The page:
The United States and Britain feared that such a meeting would result in military action by the big European powers against the new Latin American states. The British were firmly against such action. They had been trading with the new nations since they had gained independence and this profitable trade would be lost if Spain were to win back her colonies.


The people of the United States, which was also building up a profitable trade with South America, sympathized with the new nations and did not want to see them invaded by European armies. In 1825, President Monroe sent a message to Congress in which he warned the European powers to keep out of the Americas. The Western Hemisphere, he said, should not be considered for “future colonization by any European powers.” This declaration, known as the Monroe Doctrine, came to be a permanent part of the foreign policy of the United States.

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In the end, the European powers gave up their plans to invade South America, probably because of their great respect for the British navy, which was then the strongest in the world. The new Latin American nations were thus given a chance to become established without any outside interference from Europe. A number of them were led by revolutionary leaders who had such faith in democracy that they attempted to set up governments similar to that of the United States.

Most of these republics, however, were doomed from the beginning. The great mass of people in most of the new Latin American countries were Indians and Negroes, whom the Spaniards had looked down upon and treated as little better than slaves. Poor, uneducated, superstitious, they lived in widely scattered rural communities. In regions where the farming was good, they worked in the fields of the rich Spanish plantation owners, who had seized the best land. In other regions, they tried to live on what little they could grow on the slopes of mountains or on small fields hacked out of tropical jungles.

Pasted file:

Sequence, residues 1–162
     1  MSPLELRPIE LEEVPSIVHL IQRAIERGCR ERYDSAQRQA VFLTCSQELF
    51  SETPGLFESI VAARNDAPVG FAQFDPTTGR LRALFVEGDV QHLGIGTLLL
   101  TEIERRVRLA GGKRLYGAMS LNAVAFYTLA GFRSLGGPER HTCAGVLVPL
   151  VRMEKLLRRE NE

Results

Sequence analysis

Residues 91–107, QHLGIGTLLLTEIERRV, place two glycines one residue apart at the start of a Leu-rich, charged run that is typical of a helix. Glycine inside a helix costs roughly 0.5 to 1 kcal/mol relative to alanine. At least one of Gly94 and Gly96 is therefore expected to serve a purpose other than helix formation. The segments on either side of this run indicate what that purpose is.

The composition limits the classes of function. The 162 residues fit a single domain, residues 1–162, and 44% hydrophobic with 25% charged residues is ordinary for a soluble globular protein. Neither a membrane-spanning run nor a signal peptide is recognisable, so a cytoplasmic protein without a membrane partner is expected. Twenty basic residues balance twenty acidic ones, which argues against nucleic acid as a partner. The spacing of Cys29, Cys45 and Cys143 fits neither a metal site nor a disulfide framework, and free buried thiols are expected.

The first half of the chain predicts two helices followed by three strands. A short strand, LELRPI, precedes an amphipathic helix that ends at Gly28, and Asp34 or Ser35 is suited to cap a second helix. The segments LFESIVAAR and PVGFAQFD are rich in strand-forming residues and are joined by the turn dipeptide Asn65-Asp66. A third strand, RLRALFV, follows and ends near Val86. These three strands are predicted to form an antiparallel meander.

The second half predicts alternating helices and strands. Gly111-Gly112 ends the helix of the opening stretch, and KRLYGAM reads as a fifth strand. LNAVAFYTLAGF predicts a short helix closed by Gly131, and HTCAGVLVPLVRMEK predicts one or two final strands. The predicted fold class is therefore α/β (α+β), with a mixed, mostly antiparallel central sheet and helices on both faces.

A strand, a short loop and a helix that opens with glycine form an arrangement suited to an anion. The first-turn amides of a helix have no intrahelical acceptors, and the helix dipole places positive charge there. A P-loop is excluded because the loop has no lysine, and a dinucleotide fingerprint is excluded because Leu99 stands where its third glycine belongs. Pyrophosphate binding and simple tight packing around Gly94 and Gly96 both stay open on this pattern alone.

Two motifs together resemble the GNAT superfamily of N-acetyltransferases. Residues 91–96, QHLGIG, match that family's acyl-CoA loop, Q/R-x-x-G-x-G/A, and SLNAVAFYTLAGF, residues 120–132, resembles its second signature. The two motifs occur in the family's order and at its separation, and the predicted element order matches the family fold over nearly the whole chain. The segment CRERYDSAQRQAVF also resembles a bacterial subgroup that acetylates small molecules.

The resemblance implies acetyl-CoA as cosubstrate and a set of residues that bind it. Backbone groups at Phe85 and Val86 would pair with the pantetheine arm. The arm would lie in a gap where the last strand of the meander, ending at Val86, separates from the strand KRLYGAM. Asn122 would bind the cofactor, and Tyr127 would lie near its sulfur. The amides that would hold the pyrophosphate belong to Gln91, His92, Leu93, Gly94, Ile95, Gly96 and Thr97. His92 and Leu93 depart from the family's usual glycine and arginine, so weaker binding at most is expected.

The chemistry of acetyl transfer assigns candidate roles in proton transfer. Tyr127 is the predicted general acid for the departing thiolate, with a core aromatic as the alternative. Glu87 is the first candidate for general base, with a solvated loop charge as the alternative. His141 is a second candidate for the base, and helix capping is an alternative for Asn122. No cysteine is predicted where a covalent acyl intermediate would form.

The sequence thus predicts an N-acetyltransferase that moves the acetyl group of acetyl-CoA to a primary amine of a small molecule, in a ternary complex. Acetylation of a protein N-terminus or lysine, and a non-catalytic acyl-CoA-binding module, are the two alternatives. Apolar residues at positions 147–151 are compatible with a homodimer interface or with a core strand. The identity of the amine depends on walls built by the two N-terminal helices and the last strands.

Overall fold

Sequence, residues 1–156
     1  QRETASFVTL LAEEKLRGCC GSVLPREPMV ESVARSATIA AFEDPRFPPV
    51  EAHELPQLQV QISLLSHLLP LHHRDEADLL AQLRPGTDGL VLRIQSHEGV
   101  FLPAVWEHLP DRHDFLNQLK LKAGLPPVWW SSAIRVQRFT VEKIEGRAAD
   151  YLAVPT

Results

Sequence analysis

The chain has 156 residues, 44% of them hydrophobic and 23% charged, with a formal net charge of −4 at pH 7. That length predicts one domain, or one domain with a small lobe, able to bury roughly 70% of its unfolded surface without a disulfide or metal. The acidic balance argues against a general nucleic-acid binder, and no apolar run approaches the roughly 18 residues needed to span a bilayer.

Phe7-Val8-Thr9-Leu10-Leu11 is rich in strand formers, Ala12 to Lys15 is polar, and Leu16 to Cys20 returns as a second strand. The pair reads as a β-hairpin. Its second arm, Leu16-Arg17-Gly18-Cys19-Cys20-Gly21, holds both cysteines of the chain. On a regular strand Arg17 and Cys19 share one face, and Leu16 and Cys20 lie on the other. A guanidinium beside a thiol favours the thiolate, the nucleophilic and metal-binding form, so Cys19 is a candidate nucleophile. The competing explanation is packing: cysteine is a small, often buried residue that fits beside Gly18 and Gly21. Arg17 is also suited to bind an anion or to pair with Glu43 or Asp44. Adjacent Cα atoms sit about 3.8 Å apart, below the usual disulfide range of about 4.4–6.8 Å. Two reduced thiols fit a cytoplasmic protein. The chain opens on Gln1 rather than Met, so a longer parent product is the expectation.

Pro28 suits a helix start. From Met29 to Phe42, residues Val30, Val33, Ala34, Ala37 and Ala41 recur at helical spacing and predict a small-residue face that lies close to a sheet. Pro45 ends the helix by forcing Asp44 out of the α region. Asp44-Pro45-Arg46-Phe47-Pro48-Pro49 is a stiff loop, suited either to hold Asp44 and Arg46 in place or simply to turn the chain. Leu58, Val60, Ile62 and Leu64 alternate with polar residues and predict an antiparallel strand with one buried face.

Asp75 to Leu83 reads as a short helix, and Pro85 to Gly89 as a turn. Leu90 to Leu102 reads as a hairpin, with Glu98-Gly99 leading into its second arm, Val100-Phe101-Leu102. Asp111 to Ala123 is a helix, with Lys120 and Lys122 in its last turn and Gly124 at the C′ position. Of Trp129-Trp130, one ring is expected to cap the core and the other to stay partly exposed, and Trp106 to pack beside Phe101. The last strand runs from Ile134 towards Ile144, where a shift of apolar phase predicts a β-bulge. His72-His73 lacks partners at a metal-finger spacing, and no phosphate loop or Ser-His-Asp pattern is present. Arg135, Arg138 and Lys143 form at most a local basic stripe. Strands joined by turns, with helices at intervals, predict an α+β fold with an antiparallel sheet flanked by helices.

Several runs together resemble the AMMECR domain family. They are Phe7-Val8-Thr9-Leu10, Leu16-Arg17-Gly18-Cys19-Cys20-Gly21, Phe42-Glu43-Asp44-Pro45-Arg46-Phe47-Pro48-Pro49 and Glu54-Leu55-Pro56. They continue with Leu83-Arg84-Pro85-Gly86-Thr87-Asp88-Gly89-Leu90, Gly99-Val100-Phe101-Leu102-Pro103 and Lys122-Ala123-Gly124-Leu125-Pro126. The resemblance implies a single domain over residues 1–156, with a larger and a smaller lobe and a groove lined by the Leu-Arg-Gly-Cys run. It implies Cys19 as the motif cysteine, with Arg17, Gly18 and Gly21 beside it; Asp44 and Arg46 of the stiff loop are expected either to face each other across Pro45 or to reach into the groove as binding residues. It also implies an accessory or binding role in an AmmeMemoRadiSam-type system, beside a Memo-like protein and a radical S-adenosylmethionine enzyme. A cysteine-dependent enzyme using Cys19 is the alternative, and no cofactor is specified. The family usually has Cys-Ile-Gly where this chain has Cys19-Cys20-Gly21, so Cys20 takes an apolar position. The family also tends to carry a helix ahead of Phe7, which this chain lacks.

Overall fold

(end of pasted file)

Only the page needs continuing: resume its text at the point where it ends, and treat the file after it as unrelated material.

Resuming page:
Most of them spoke little or no Spanish. Instead, they spoke one of the many native languages, and people who lived in one part of the country had difficulty in communicating with those who lived elsewhere. They knew little of what went on beyond their own communities. They could not read or write and had only a dim understanding of such things as nations, governments and democracy. The right to vote was restricted to wealthy farmers and landowners, businessmen, professional men and office holders who lived in the larger towns and cities — a very small percentage of the total population. Their elected representatives favoured the upper classes and passed laws giving them special privileges and advantages. The rich became richer and the poor had to suffer under ever increasing burdens until they ran out of patience and rose up in rebellion.

So the history of the various Latin American countries followed a familiar pattern — a series of revolutions, one dictator after another, attempts to establish a representative form of government, more revolutions and more dictators. Behind the confusion, other battles were taking place, battles between the conservatives and the liberals, who wanted equality and a better life for all the people, but not for years would the Latin American nations begin to approach true democracy.